Thursday, May 2, 2019

Number of the day: 16

Fifteen policemen and their driver travelling in a private vehicle were killed in an IED explosion in Gadchiroli, Maharashtra. Gadchiroli—a thickly forested area which also straddles the borders of  Chhattisgarh and Telangana—is a known hub of Maoist activity. It represents a serious setback to the state government which claimed it had reasserted control over the area in recent months. Also significant: the attack took place during the election, a time when security forces are already on high alert.

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The biggest news story today, explained.

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India’s long-fought victory at the United Nations

At long last, Jaish-e-Mohammad chief Masood Azhar was officially designated as a ‘global terrorist by the UN Security Council, marking a significant diplomatic victory for India.


Background, please! The JeM is responsible for the recent Pulwama attack where a car bomb killed over 40 CRPF personnel. India has been trying to get its leader, Masood Azhar, designated as a ‘global terrorist’ by a special sanctions committee in the United Nations Security Council (explained here). It has been repeatedly thwarted by China which has vetoed the resolution each time. In the wake of the Pulwama attacks, the listing request was reintroduced by France, US, and the UK, but China placed a three-month ‘hold’ on it.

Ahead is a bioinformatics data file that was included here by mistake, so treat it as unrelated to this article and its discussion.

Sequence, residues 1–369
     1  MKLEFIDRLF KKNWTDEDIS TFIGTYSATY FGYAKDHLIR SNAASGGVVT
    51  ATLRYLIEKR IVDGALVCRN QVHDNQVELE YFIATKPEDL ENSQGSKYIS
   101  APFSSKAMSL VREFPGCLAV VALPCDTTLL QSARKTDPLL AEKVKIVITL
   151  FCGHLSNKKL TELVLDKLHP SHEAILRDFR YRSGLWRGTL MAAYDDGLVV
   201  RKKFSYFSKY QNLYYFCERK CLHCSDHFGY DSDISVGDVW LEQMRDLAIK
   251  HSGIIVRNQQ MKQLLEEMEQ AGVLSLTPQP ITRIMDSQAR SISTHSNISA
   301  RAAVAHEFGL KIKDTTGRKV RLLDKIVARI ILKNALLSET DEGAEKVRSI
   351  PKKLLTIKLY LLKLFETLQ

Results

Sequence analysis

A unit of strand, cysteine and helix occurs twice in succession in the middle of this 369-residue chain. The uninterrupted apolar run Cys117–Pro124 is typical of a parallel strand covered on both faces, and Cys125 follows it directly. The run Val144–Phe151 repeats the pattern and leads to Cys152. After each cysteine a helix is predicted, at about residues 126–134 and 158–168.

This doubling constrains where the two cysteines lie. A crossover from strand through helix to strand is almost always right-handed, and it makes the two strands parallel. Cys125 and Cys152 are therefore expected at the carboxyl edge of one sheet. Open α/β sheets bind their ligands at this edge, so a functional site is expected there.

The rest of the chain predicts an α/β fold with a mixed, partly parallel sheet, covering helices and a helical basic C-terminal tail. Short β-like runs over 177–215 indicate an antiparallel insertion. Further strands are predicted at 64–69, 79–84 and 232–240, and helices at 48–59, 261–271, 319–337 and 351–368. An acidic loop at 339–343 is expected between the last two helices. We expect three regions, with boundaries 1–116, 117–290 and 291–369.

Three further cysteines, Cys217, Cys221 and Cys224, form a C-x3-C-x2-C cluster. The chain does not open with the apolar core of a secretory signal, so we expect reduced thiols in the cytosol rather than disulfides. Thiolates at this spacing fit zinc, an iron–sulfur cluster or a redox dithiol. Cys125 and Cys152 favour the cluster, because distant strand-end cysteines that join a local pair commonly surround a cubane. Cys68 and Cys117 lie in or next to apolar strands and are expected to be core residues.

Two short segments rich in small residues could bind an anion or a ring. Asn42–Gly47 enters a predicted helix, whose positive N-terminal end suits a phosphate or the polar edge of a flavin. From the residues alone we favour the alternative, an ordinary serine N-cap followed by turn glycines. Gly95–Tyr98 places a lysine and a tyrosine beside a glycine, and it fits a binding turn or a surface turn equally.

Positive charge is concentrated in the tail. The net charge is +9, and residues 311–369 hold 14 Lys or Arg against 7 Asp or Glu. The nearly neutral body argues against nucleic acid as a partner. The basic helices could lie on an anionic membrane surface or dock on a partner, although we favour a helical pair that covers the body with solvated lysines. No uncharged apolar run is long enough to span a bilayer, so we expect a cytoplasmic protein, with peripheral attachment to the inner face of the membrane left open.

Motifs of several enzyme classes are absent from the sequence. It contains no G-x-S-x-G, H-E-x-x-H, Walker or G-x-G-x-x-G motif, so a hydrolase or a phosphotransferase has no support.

Ok, so what happened? On Wednesday, Beijing lifted that hold. The Chinese Foreign Ministry spokesman claimed that the “relevant countries “ had “revised and resubmitted the materials” to be considered. Translation: something changed since early March.


So what changed? There were three key factors which finally worked in India’s favour.

  • The United States' aggressive stance on Azhar. At the end of March, Washington circulated a separate draft Security Council resolution to sanction Azhar. Unlike the committee, UNSC proceedings are public, and any such resolution would have forced China to openly support a known terrorist.

  • With the US strongly backing New Delhi in its efforts, Beijing did not want to do anything that would significantly damage its ties to New Delhi. And blocking Azhar’s listing was already seen as a diplomatic slap in the face—delivered right when India was reeling from the Pulwama attack.

  • Finally, Azhar’s listing also suits the interests of one of China’s closest allies. The Financial Action Task Force (FATF)—a powerful global financial watchdog group—is unhappy with Islamabad for not taking sufficient action against terrorist groups. If Pakistan is blacklisted by the FATF, it would trigger devastating economic sanctions at a time when its economy is on the edge. So looking tough on terror works for Islamabad right now.